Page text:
Look, I said, as our ferry approached Macau. There's a huge Chinese fort guarding the harbour. But next to it there's a volcano with people walking into it. That gateway looks as though it could have been the main entrance to Babylon in its heyday. Surely that street down there is Bourbon St in New Orleans. And isn't that the Roman Forum? Where is this place?
The tiny former Portuguese enclave, nestled on the edge of the vastness of China, looks like the architectural crossroads of the world.
As we drove into the city I spied St Mark's Tower from Venice, with a lake in front and the Doge's Palace behind, plus several gondolas lined up at the jetties.
Then there was an elegant square, lined with wrinkled trees and covered in black and white paving, which could have been lifted from Lisbon, and the building behind was definitely a Portuguese palace.
Round the corner was an ancient Taoist temple and on the seafront I spotted a 20m-high statue of Kun Iam, the Buddhist goddess of mercy. But on a hill in the middle of town were the ruins of what was clearly a European cathedral.
Soaring above all this were clusters of mirror-clad skyscrapers surrounded by fountains and covered in neon lights, which might have come straight from Las Vegas. And beyond was what looked very much like the Sky Tower from Auckland.
Some of the buildings were for real. There was a scattering of ancient Buddhist and Taoist temples. And the Portuguese did rule this sliver of land for nearly 500 years and left their imprint.
But most are the result of an explosion of construction, which followed a decision of the Chinese authorities - who took back control of Macau in 1999 - to loosen up the rules on gambling licences.
Probably the most spectacular is the Venetian, where we stayed. Around the shores of a small artificial lake a slice of Venice has been created, its ancient palaces providing room for cafes and shops. But behind the medieval facade soars a vast modern tower containing 3000 suites plus conference facilities, entertainment areas and more shops, cafes and a giant casino.
The enormous hotel covers almost 100ha. While we were there its arena was being set up for a tennis tournament featuring Pete Sampras and Andre Agassi - seating 15,000. The gaming floor alone is 5ha with 3000 slot machines and 750 gaming tables.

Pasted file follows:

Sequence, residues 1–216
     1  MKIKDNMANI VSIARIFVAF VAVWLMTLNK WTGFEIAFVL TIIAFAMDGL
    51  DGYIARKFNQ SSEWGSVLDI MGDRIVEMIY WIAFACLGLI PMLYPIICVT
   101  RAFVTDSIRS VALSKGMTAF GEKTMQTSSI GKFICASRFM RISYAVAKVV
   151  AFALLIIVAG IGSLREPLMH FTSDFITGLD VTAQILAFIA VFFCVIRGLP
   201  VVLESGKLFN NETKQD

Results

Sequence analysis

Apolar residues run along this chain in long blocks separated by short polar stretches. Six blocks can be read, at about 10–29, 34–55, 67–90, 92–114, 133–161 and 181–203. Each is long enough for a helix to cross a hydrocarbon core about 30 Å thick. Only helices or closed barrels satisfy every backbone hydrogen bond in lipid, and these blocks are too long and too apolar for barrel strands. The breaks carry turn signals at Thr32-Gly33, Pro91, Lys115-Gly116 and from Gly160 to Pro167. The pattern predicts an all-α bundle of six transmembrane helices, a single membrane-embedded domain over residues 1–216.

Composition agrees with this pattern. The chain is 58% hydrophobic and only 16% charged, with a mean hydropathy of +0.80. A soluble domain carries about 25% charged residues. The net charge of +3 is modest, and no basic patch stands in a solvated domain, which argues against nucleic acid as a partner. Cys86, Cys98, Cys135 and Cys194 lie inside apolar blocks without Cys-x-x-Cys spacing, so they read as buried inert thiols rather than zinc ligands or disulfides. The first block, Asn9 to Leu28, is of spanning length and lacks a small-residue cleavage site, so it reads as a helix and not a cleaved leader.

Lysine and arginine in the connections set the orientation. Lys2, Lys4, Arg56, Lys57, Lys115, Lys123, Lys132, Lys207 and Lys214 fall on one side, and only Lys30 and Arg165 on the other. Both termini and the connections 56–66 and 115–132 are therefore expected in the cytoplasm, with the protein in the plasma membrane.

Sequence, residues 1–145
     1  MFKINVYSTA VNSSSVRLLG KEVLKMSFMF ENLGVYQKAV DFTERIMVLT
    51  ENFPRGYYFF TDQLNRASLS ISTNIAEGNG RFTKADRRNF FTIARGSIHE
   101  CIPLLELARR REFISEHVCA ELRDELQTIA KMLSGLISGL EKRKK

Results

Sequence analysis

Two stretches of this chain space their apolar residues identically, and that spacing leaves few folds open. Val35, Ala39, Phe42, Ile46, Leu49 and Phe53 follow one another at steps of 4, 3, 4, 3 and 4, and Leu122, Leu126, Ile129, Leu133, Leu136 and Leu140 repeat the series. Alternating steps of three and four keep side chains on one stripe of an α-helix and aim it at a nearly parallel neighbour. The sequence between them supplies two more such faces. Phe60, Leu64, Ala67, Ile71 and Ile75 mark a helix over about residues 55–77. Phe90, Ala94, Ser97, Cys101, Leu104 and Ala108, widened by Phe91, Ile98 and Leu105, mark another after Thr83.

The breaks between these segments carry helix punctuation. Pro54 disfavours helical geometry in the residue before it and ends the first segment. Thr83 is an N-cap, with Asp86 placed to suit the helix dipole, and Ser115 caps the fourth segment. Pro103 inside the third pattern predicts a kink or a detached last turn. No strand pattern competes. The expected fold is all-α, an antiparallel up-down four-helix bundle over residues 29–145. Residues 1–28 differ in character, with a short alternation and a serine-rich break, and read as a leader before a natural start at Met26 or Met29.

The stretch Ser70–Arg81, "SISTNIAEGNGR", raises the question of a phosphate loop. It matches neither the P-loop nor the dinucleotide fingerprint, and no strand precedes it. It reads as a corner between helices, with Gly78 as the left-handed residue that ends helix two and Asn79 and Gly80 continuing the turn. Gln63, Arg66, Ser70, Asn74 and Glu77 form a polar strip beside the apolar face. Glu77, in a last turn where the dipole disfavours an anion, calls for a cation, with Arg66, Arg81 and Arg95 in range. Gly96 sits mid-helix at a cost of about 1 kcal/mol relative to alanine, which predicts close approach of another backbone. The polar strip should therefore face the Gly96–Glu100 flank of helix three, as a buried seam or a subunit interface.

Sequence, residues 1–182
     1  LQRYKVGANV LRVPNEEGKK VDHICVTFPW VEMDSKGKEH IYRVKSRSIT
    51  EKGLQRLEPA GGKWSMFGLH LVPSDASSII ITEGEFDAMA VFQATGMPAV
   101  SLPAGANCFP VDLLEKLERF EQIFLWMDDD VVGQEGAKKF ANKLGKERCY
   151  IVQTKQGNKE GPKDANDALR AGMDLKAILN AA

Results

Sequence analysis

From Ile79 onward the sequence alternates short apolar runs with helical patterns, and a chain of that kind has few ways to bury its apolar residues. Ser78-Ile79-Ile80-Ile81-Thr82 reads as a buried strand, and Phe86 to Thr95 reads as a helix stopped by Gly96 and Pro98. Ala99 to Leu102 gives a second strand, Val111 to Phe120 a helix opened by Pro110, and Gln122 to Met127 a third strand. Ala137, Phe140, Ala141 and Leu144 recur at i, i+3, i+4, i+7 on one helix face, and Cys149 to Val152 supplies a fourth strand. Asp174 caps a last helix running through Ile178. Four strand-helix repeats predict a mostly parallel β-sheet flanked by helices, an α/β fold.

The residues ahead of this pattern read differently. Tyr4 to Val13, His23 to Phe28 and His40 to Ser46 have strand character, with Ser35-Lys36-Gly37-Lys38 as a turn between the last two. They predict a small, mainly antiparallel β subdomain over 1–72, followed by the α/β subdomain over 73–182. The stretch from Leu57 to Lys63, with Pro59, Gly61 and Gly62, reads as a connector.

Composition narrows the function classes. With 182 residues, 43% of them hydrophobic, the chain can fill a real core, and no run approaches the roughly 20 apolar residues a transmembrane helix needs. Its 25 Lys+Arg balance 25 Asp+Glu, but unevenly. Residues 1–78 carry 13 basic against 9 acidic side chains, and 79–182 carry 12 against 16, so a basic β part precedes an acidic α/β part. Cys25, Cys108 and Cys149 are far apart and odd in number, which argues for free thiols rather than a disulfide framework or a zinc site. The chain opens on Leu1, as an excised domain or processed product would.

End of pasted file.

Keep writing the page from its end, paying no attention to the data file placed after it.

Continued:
The hotel has its own resident Cirque du Soleil show, Zaia, which performs nightly in a purpose-built 1800-seat theatre. It also includes the Grand Canal Shoppes, an indoor mall in Venetian style, covering 10ha with 330 shops, 30 restaurants a 1000-seat food court - and three canals.
And, of course, you can take gondola rides on those canals, past ancient buildings which have the appearance of a spruced-up Venice, with gondoliers who - unlike the real ones - are friendly and can actually sing. We went for a ride with Santino, from Sicily, via the Venetian in Las Vegas, who sang us a delightful version of La donna e mobile. But, as if all that wasn't enough, the Venetian is part of a wider complex called the Cotai Strip, which will eventually include six hotels plus more shops and casinos.
Just across the road another complex is taking shape, the City of Dreams, the dream of Australian media mogul James Packer, which will eventually have four hotels as well as restaurants, casinos and entertainment facilities, including a 2000-seat theatre.
The highlight at the moment is the Bubble, a dome-shaped theatre offering an amazing 360-degree multi-media performance featuring stunning underwater scenes, scary eruptions and a magical dragon. Then there's Fishermen's Wharf, right beside the Macau Ferry Terminal, where you'll find the unlikely combination of volcanoes and Tang Dynasty forts, Roman ruins and Louisiana boulevards.
It seems every hotel and casino operator in the world has rushed into Macau and in 2007 the former colony overtook Vegas as the gambling capital of the world.
Meanwhile, Macau's original casino king, Stanley Ho, hasn't just let his gambling revenues slide away. Among his offerings is the Macau Tower, modelled on the Sky Tower, though 10m taller at 338m. From the top of the tower there are views over the Pearl River delta, where it stands, to China beyond. It's from China that 90 per cent of the gamblers expected to pay for all this growth will come.
Getting there: Cathay Pacific flies direct from Auckland to Hong Kong 10 times a week.
From Hong Kong there are regular ferries to Macau. See olamacauguide.com.
Further information: Visit the Macau Government Tourist Office website at macautourism.gov.mo.
Jim Eagles visited Macau as a guest of Cathay Pacific and the Macau Government Tourist Office.